When it comes to the most dangerous fish to catch in the ocean most people think of fishing for sharks. With a bite pressure of four tons per square inch and dozens of dagger-sharp teeth, the mako shark jumps to mind as a prime candidate. Other toothy predators like wahoo can also do serious damage to an angler, and billfish have been known to spear humans now and again. But it’s the lowly bluefish that hurts more people each and every year — more than all of these other fish put together. In fact, on a single day in Dade county, FL, 11 separate bluefish injuries were reported.
Of course, this danger-factor won’t stop we adventurous anglers from targeting the most injurious fish in the sea. So the next time you decide to put bluefish in your sights, use these tricks to get your rod bending.
3 Tips for Lure Fishing for Bluefish
- Chopper blues are very sensitive to vibrations. When the water is off-color and/or light levels are low, lures that vibrate or create a disturbance in the water, like wobbling spoons or plugs with rattles, are often the most effective.
- Bluefish will eat just about anything, but the majority of their diet is made up of finfish. Accordingly, they’re attracted to lots of flash. When choosing artificial lures for trolling or casting, shiny silver metals often work best. Spoons enjoy the added advantages of being bite-proof, and of providing you with a “handle” to grab when you bring the fish into the boat. Classics like the Huntington Drone or Tony Acetta Pet work great for ‘em.
- Unless the fish are breaking water, troll more and cast less. Blues aren’t as structure-oriented as they are interested in where the bait is, so they often rove around through open waters. Unless the location of a school is visible, staying on the move and covering ground is usually a better bet.
3 Tips for Bait Fishing for Bluefish
- Bluefish feed by cutting chunks out of their prey’s body, so if you’re bait fishing don’t freespool on a strike and wait for the fish to inhale your offering. Instead, keep a taut line and set the hook the moment you feel a bite. If it takes the fish several hits before they find your hook, consider down-sizing the baits so the fish can grab your entire offering — hook included — on the first attack.
- If you’re live-lining spot and bluefish keep snapping off the heads or tails, consider switching to chunks (and see above).
- If you’re catching fish and running low on bait don’t hesitate to slice off the flank of the smallest blue in your cooler and chop it into strips. These fish are cannibalistic, and are perfectly happy to eat bluefish chunks.
And Four More for All Types of Bluefish Fishing
- Blues like to jump, so be prepared for aerial acrobatics. When one comes out of the water reel as fast as possible to maintain tension at all times. And during the fight, keep your rod tip low and out to the side instead of up high because less of an upward angle will discourage jumping.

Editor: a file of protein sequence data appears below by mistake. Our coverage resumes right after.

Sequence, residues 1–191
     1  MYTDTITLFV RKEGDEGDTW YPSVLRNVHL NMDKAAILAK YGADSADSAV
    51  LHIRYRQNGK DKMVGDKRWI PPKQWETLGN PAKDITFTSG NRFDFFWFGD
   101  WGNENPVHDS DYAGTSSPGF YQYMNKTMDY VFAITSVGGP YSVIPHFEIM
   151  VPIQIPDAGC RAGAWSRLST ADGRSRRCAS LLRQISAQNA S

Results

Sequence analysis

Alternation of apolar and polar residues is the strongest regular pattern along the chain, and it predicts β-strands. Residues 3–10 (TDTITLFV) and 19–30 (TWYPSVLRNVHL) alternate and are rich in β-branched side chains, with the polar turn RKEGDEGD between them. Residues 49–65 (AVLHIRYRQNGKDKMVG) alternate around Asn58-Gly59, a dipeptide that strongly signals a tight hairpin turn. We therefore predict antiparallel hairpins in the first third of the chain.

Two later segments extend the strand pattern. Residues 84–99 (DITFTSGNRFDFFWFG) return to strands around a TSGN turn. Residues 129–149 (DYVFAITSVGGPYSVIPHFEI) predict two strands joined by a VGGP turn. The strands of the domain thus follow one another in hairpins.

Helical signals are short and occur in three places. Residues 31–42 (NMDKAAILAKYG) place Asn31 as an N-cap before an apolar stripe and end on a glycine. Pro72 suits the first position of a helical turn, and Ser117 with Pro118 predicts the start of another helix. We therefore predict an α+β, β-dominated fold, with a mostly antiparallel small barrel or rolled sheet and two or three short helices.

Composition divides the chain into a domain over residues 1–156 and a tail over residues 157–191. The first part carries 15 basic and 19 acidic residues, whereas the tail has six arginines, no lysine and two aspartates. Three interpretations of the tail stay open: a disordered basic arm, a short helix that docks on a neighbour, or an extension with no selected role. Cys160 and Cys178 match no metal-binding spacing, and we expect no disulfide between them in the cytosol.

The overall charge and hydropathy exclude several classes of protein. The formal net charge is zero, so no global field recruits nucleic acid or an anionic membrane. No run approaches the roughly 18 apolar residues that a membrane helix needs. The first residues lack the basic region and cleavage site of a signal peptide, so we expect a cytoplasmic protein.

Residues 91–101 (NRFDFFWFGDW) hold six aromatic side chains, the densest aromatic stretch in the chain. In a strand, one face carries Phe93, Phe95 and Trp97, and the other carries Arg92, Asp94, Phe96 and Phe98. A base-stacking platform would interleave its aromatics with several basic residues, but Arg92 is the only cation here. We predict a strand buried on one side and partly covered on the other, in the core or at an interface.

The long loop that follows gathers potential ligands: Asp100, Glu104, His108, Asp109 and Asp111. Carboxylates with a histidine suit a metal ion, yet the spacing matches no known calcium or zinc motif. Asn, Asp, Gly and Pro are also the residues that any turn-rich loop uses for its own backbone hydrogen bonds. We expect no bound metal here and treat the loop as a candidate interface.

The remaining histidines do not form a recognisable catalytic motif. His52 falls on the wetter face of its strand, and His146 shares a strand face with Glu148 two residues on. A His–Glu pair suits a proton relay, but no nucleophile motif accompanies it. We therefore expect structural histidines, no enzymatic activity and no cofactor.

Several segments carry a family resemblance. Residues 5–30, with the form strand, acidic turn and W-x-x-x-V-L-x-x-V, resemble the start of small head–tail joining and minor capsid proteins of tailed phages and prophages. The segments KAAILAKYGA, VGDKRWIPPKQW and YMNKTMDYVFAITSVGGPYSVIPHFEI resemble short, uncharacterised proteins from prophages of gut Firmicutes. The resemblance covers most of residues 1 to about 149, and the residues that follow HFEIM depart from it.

- Don’t worry about reeling or trolling too quickly, because these are fast-paced fish. Even trolling for mackerel at nine mph you’ll still catch some (though going that fast certainly will diminish the numbers), and most of the time there’s a much better chance your offering will be moving too slowly to generate their interest as opposed to too quickly for them to catch.
- If you want to catch real “choppers” in the 10-plus pound range, head for the ocean and fish inshore shoals. Choppers used to dominate the Chesapeake and although far fewer real trophies have come up in the Bay in recent decades, they can still be found off the coast. Note: Remember that blues over five or six pounds are not very good to eat, and most anglers practice catch-photo-release.
- Finally — and we’re betting you already guessed this — use a trace of wire leader to prevent bite-offs.
Bluefish: Handle With Caution
- Never put a finger into a bluefish’s mouth when taking a hook out. Use pliers or if the hook’s too deep cut the line well outside the fish’s mouth and consider the hook a loss.
- Don’t slide your hand under the gill plate of a bluefish to hold it. If it thrashes (and blues often do) your hand may slide up too far and become exposed to the fish’s back teeth. Instead, wrap your hand around the fish from the back side. With larger blues, you can also grab the base of the fish’s tail with your other hand and have a buddy remove the hook.
- Bluefish and treble hooks don’t mix. Remember, these fish often thrash around in a rather chaotic manner. All too often, they’ll sink a treble into an angler’s hand or arm as they do so.